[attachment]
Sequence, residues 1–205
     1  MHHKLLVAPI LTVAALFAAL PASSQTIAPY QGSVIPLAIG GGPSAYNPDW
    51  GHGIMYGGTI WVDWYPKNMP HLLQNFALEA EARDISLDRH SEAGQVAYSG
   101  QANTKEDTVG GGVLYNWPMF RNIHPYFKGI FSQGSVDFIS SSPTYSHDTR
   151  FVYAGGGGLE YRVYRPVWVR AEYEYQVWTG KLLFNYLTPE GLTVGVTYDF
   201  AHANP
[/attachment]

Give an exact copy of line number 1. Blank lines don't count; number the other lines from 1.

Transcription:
Sequence, residues 1–205